That should cover any attempts at bustle with, and it's gone via sum-of-parts. -- Thisis0 04:19, 22 February 2008 (UTC)
and... done. -- Thisis0 04:50, 22 February 2008 (UTC)
The content given at "bustle" is an improvement on "bustle with". As the latter does not meet WT:CFI, I have deleted it. — Paul G 22:03, 22 February 2008 (UTC)
I have restored the entry pending completion of the discussion. RfD is available. DCDuring TALK 22:32, 22 February 2008 (UTC)
I fail to see which Criterion this fails. It is no different from any other transitive phrasal verb. the only reason why many phrasal verbs are run-in entries in traditional dictionary is space. If bustle has the meaning "teem with" or "abound in" only with the preposition "with" (that probably fails CFI), it can't really be listed at bustle. But then I'm not familiar with how we are supposed to deal with phrasal verbs. Circeus 00:49, 23 February 2008 (UTC)
I don't know, it's pretty iffy. In the really clear-cut phrasal verbs, the particle comes after unstressed personal pronouns ("speed it up", "cut it out", "see him off", etc.); such verbs almost certainly warrant their own entries. At the other extreme, we have examples like "blame … on", "blame … for", etc., where there's a clear direct object and a clear object-of-preposition, so we can't analyze the preposition as being part of a phrasal verb. With in-between examples like "bustle with" and "think of" ("X thinks of Y" = "Y occurs to X"), I think it's a judgment call. (Personally, I'd oppose an entry for "think of", at least; I'm not sure about "bustle with"). —RuakhTALK 01:51, 23 February 2008 (UTC)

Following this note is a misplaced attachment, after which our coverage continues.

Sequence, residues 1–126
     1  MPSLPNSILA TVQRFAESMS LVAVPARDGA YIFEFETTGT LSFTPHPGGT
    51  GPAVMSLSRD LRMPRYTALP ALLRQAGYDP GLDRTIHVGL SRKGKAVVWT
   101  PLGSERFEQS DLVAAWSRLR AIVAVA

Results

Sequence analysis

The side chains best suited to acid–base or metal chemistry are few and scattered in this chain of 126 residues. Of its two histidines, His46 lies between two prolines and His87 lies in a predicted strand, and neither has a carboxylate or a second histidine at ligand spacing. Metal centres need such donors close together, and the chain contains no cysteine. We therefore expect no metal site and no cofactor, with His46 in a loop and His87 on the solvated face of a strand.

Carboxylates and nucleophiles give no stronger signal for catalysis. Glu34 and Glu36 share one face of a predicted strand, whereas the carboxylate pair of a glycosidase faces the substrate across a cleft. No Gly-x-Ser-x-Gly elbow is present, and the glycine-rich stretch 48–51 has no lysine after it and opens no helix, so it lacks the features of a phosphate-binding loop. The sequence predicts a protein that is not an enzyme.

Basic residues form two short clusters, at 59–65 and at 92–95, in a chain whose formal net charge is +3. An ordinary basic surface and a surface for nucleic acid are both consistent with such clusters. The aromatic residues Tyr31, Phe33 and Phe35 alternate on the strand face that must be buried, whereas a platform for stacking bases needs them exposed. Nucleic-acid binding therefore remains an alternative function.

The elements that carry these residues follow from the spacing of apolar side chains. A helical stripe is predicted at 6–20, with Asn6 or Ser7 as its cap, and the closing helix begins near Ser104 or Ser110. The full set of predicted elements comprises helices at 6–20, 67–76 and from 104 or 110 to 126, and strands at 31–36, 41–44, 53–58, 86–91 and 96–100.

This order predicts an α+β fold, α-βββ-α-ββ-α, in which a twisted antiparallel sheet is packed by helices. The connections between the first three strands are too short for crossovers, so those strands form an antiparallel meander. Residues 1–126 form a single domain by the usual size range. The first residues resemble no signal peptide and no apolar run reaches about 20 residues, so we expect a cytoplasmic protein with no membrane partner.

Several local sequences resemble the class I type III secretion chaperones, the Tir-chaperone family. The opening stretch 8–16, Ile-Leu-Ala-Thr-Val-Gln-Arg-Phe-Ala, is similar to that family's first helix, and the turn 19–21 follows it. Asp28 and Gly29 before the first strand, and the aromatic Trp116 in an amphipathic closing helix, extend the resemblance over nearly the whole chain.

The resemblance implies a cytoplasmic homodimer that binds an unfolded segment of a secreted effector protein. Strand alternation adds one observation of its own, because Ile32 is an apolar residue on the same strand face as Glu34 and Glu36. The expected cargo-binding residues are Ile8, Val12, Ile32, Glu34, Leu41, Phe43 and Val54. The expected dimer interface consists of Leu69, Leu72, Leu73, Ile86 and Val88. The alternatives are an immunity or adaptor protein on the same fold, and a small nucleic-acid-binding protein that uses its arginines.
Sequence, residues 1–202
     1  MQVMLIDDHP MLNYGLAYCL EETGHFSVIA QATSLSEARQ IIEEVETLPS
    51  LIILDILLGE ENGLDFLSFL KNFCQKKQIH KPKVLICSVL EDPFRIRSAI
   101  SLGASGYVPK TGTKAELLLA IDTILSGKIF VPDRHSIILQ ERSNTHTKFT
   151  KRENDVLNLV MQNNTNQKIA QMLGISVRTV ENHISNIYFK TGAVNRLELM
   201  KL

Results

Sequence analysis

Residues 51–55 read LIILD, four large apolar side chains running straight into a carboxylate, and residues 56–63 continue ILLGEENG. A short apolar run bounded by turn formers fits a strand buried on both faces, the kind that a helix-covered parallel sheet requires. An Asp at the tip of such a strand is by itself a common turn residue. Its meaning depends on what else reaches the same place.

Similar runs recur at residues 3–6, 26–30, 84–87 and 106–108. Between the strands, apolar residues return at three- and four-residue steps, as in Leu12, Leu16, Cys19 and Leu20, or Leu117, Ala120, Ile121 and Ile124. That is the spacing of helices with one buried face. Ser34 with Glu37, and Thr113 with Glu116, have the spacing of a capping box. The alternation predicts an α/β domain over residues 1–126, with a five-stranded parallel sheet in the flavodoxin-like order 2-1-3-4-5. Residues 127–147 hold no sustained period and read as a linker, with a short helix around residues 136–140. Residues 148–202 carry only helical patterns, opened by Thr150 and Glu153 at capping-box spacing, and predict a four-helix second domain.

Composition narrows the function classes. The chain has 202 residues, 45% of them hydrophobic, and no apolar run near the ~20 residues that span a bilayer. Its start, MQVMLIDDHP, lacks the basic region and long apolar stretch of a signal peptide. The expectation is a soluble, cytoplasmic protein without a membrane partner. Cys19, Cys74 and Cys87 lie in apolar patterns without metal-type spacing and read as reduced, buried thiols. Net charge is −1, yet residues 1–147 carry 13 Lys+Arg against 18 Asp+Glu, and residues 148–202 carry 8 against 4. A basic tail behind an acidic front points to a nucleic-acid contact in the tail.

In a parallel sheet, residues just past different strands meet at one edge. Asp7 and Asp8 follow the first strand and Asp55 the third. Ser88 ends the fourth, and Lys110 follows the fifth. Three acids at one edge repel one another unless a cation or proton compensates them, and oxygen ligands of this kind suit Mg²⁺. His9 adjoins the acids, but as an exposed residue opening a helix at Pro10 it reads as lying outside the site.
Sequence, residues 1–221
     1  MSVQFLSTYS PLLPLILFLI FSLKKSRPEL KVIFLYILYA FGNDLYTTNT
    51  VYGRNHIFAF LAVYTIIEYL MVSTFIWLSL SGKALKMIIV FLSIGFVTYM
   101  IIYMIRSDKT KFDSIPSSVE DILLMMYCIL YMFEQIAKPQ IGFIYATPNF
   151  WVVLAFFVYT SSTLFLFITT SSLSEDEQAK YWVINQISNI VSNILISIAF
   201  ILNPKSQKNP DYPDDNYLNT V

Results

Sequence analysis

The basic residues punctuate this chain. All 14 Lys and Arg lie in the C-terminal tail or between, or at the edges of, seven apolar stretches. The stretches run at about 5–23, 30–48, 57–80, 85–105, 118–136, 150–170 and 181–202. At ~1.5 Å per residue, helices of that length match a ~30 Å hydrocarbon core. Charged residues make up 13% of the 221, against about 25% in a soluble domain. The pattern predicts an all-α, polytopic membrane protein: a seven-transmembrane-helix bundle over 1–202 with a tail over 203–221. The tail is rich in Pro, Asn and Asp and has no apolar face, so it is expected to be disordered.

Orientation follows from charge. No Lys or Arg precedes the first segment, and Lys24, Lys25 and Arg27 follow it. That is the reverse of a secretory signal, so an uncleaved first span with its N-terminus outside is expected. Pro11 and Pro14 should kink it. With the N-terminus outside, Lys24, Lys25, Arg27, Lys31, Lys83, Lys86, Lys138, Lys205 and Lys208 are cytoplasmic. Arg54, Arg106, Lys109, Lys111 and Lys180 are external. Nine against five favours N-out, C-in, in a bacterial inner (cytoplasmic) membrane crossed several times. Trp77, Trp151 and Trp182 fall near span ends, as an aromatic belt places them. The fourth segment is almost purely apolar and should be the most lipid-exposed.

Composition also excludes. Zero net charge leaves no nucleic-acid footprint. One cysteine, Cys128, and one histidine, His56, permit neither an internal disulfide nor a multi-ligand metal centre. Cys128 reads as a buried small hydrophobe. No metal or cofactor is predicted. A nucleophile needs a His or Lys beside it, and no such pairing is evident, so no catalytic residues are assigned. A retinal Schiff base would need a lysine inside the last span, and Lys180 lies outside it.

I'm not so sure that this is a case of ergative verbal usage. Ergative verbs replace the passive voice form making the the supposed subject into a real subject. E.g. The car was driven very fast. becomes The car drove very fast. The first sentence, we can add the real agent using by or with (depending the sense) The car was driven very fast by a young man. But in the ergative form this is not possible. Following this line of reason, I would disagree with the thought that The market bustled with many people is the same as Many people bustled the market. The temptation is to consider that the with introduces the agent in the same way as in a passive voice construction. All in all, I would say that bustle with is a phrasal verb similar to abound with, and that it is not ergative. -- Algrif 19:09, 24 February 2008 (UTC)